It was only a short part of his speech, but Prime Minister and Cabinet Secretary Phil Gaetjens’ vehement rejection at the Institute of Public Administration end of year event last week of claims that the Australian Public Service has become politicised grabbed the headlines.
He did not name Senator Rex Patrick, who has been battling the Morrison Government to release details of National Cabinet minutes.
Nor did he name the public servant who was the target of Senator Patrick’s ire for deciding the government didn’t have to, despite an Administrative Appeals Tribunal decision that National Cabinet was not covered by the same secrecy rules as Federal Cabinet.
He accused people such as Senator Patrick of undermining the public confidence in the APS through personal attacks on public servants and accusations of politicisation.
“I have always tried to put the systems in place or institutionalise things that make the public service stronger, that support the values of the APS and empower us as public servants to give frank advice within a respectful workplace,” he told the IPAA event in Canberra.
“Collectively and individually, we should always call out behaviours which undercut these values … I will always call out the inaccuracies of these types of comments and reiterate the importance of our impartial and committed public service.”
Mr Gaetjens said he and Public Service Commissioner Peter Woolcott had written to the Senate President about Senator Patrick’s claims and attacks on Angie McKenzie, a Department of the Prime Minister and Cabinet FOI official.
My Public Sector
The AAT had found that the National Cabinet was not a subcommittee of the federal cabinet. In contrast, Ms McKenzie found that it was for the purposes of freedom-of-information laws.
Unfortunately, while the year in many ways has been a triumph for the public service in how it has responded to the pandemic, other aspects have been allowed to overshadow that achievement.
The sports and car park grants scandals, so ably laid out in reports from the Auditor-General, showed how public servants either were enablers or looked the other way when the Morrison Government so cynically debauched the grants system to use taxpayers’ money to fund election pork barrelling in Coalition seats.
They prompted Auditor-General Grant Hehir to warn public servants that he would be raising the performance bar by injecting ethics into future audits.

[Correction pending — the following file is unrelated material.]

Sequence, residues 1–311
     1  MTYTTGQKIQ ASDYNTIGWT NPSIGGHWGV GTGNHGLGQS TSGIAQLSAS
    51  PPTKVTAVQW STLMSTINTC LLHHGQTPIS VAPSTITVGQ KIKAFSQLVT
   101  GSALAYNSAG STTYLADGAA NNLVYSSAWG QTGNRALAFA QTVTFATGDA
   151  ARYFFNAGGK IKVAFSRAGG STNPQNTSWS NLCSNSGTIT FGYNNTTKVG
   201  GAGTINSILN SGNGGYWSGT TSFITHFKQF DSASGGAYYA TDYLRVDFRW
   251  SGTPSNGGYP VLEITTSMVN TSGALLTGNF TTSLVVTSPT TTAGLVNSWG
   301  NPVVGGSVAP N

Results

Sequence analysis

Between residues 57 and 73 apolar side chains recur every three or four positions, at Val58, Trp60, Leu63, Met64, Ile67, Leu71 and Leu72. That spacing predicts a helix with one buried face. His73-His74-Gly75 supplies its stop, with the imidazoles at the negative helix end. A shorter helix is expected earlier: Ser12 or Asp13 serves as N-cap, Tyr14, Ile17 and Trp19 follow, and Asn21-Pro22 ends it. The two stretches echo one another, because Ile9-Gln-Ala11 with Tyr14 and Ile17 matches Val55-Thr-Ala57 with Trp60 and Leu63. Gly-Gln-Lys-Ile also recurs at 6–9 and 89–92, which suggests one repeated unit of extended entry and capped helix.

In his foreword to the Australian National Audit Office’s annual report for 2020-21, he flagged that the ANAO would place a greater emphasis on whether public servants’ decisions met ethical standards.
He said public sector leaders were legally required to govern their entities in a way that promoted the proper use and management of public resources, defined under the Public Governance, Performance and Accountability Act as “efficient, effective, economical and ethical”.
“The importance of ethics in the use of resources has been highlighted in several audits, particularly relating to procurement and grants administration,” Mr Hehir said.
“I believe that greater scrutiny in this area will help ensure that the public sector continues to look beyond technical compliance and focuses on operating in line with community expectations of integrity and honesty.”
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Mr Gaetjens also had the chutzpah to list the government’s belated and increasingly hollow-looking commitment to net-zero emissions by 2050 as a public service achievement.
Calling the move historic, he praised the enormous effort within the Industry, Science, Energy and Resources portfolio and the Department of Foreign Affairs and Trade, along with others in the APS and beyond, “to enable Australia to shift from a decade-long caustic climate debate to tangible action and quantified goals”.
That compels the question of where the APS’s frank and fearless advice has been all this time, and how it could have contributed to a policy so full of holes that even the business and farm lobby are lining up behind the Opposition’s approach.
Mr Gaetjens also praised APS capability and the current reform program to build in-house skills and knowledge, despite the government’s increasing bill for work done by private sector consultancies.
Then there is the stonewalling at Senate estimates by senior public servants who appear hell-bent on covering for the government.
Mr Gaetjens himself was the Prime Minister’s Chief of Staff for three years and can’t seem to escape his reputation as a political fixer.
He is right. The APS has had a big year, and overall, no one can doubt its commitment to serving the nation and endeavouring to live up to the values of the service.
It’s a shame these shadows persist, and that must be sheeted home to a government that refuses to be accountable and, in the process, compromises public servants and erodes the very culture that Mr Gaetjens so vigorously defends.